The bill would codify the definition of “accredited investor” at a level that does not protect retirees from being bilked by shady companies seeking capital. It would effectively block the United States from entering into international insurance agreements, giving the industry more power to block reforms at the state level. It would force the narrowing of SEC rules over trading exchanges, including enabling the creation of entirely new “venture exchanges” for brand-new startups, which could become a breeding ground for exploiting investors.
Waters contends that nothing in the bill would degrade Dodd-Frank. That’s not actually true: It would weaken the “living will” process, whereby banks must describe how to unwind themselves in the event of trouble, and exempt non-banks from annual stress tests. But even if it were accurate, there are plenty of ways to harm oversight without touching that particular law. Waters also highlighted consumer and investor benefits in the bill, including the use of on-time rent and utility payments in credit reports, protections for seniors who invest, and crackdowns on corporate insider trading. But those benefits mostly come in the form of studies and task forces; the deregulation actively weakens securities laws.
It’s not that the JOBS and Investor Confidence Act will usher in a crisis tomorrow. It’s just part of a spate of deregulatory actions that, combined with a more laissez-faire attitude on the part of the regulators, gives Wall Street room to run in dangerous directions. And that’s how crises historically have started, not with one bill but a pendulum swing.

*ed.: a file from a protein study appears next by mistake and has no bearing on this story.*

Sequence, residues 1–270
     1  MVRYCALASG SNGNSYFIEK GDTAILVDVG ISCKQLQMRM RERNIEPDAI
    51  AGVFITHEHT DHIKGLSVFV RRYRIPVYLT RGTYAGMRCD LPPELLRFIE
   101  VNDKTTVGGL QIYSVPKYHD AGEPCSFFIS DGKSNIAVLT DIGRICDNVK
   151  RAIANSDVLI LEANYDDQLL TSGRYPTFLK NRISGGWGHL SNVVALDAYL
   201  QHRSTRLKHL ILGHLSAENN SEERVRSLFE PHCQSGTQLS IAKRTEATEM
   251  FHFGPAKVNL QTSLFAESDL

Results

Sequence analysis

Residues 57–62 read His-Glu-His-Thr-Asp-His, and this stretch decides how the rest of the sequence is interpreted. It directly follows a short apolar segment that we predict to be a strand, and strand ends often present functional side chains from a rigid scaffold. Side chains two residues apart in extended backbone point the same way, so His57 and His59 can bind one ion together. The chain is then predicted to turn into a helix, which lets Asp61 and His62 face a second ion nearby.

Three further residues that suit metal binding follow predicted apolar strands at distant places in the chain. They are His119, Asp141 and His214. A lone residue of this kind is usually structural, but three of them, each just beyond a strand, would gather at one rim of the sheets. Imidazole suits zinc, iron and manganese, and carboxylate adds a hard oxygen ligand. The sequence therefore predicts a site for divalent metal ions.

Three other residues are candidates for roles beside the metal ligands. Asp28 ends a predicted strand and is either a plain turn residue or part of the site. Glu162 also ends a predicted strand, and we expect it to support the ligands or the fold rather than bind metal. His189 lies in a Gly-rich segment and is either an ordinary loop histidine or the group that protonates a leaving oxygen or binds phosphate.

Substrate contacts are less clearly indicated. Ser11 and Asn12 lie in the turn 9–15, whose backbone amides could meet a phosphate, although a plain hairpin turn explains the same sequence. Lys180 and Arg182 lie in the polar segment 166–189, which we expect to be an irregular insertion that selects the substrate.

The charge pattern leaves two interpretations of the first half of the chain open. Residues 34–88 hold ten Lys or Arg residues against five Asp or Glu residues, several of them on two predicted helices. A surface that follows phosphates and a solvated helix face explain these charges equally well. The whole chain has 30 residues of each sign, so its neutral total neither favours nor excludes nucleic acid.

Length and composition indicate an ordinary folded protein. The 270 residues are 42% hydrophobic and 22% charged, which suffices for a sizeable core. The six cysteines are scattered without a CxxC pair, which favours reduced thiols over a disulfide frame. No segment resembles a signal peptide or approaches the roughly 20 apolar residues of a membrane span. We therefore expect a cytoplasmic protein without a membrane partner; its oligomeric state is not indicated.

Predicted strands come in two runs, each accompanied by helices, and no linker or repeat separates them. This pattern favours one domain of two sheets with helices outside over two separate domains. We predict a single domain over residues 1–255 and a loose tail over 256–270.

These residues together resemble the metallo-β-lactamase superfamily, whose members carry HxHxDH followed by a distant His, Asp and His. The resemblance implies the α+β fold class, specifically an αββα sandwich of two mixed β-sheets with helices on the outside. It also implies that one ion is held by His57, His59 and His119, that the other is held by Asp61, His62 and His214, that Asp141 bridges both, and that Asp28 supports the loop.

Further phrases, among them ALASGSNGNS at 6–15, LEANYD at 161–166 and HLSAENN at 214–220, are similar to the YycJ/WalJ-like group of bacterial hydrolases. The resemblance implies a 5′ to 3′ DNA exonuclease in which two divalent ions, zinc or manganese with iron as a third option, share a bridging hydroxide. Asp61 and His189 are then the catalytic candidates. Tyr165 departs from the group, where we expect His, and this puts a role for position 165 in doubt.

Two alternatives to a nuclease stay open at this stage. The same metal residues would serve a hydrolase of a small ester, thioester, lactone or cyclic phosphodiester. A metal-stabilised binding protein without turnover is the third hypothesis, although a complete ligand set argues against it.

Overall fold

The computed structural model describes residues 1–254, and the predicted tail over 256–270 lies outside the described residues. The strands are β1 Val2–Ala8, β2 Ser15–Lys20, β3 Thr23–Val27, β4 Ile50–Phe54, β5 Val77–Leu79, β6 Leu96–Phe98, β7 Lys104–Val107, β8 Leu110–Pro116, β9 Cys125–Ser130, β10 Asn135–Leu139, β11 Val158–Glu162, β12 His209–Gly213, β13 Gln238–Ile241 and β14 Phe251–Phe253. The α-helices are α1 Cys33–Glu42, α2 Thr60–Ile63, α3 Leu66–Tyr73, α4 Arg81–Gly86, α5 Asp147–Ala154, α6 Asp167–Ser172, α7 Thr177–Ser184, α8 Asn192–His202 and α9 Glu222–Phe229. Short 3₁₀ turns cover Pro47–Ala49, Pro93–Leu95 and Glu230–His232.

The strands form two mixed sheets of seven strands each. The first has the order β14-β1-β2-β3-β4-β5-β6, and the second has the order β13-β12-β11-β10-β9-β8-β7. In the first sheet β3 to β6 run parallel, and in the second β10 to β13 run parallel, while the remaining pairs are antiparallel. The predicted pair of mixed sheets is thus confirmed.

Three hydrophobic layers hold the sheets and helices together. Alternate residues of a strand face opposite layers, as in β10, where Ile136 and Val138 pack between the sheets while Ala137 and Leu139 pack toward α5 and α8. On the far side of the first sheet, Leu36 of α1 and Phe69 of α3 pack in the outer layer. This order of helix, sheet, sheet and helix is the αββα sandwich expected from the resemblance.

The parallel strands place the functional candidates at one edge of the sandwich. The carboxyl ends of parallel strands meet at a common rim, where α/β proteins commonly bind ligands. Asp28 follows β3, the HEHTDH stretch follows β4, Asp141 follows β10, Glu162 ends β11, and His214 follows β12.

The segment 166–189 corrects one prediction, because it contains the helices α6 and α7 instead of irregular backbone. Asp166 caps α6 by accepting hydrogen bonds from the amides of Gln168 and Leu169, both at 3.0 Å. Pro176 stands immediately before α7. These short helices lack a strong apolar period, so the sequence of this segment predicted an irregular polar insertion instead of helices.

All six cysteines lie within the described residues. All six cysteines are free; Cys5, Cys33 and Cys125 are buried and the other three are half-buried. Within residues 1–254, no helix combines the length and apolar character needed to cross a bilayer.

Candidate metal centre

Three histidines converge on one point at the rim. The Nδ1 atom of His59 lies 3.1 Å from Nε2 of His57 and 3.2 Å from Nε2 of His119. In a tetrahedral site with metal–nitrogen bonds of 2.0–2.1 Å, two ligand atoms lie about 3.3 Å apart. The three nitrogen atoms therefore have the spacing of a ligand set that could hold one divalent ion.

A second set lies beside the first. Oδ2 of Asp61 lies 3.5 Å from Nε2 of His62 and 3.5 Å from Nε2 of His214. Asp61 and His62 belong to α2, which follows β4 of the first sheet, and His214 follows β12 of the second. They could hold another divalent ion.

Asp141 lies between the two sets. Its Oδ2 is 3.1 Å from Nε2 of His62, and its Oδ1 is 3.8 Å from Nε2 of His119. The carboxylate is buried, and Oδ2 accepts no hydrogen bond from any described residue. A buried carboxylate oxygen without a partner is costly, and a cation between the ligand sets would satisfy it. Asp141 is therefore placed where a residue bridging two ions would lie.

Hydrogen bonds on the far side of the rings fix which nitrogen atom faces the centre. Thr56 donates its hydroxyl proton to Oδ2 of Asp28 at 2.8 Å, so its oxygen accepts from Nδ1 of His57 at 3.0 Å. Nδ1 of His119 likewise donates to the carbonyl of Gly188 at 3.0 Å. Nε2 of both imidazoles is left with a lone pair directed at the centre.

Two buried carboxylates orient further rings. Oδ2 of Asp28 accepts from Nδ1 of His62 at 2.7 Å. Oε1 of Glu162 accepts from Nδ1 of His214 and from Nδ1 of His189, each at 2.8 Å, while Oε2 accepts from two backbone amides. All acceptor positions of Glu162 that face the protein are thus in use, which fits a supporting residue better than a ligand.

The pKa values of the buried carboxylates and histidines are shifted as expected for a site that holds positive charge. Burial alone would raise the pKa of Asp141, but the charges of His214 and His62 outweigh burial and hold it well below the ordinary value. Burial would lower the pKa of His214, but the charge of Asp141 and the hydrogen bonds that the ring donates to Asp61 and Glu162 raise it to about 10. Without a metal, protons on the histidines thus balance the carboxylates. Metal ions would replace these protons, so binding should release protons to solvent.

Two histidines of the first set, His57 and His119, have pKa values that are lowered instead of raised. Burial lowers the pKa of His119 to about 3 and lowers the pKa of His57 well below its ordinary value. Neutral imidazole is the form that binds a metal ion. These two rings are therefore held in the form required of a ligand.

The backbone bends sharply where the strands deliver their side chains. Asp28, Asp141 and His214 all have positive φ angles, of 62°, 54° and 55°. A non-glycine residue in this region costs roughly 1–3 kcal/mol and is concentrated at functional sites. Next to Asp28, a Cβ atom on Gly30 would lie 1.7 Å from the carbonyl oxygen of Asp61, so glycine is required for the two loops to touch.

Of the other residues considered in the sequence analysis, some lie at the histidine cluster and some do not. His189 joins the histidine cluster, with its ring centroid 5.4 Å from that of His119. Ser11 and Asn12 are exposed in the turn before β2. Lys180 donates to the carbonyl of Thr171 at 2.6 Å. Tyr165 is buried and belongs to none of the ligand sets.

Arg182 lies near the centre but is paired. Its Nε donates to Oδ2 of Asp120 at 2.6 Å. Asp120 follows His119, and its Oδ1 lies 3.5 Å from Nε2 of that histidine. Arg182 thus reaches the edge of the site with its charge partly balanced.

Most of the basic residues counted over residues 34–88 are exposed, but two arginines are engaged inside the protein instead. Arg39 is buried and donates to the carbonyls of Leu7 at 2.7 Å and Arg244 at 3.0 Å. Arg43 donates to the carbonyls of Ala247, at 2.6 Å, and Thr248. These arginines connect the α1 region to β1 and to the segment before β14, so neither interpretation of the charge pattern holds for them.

For example, repealing Glass-Steagall alone didn’t cause a crisis; it was part of a bank-friendly trend, from Riegle-Neal (which allowed banks to expand across state lines) to the Commodity Futures Modernization Act (which deregulated derivatives) to the Secondary Mortgage Market Enhancement Act (which along with a half-dozen other bills, brought mortgage-backed securities into existence). You can’t point to one legislative effort that triggered the Depression, just dozens of smaller moves that encouraged speculators and ran up stock prices unsustainably. It’s a death by a thousand cuts, and the JOBS and Investor Confidence Act adds another ten or so.
And more are on the way. A bipartisan retirement bill with support from the financial-services industry has some interesting features, like allowing small businesses to band together to offer a multi-employer 401(k)-style plan. But it also includes a wet kiss to the annuity industry, by encouraging rollovers from 401(k)s to lifetime income streams which typically come with high fees. The bill would even give legal immunity to employers who choose an annuity provider. Other than handing over management fees to Wall Street, it’s unclear why the government should get into encouraging one type of financial product over another.
Because these minor deregulations are seen as relatively benign, they serve Democrats, as a cheap payback to financial lobbyists, with a way to grab a couple of campaign donations without being seen as total sellouts. But that needs to stop. Democrats are feeding into weakening the architecture of the financial regulatory state, going along with unnecessary benefits to a powerful industry. Just because it’s bipartisan doesn’t make it harmless.
Ten years ago, Americans watched helplessly as they lost jobs, savings, and homes owing to financial industry greed. The seeds of that destruction came in the form of small-ball, bipartisan regulatory rollbacks and public officials taking their eyes off the ball. We’re re-running the same sad movie today. Why are Democrats participating in it?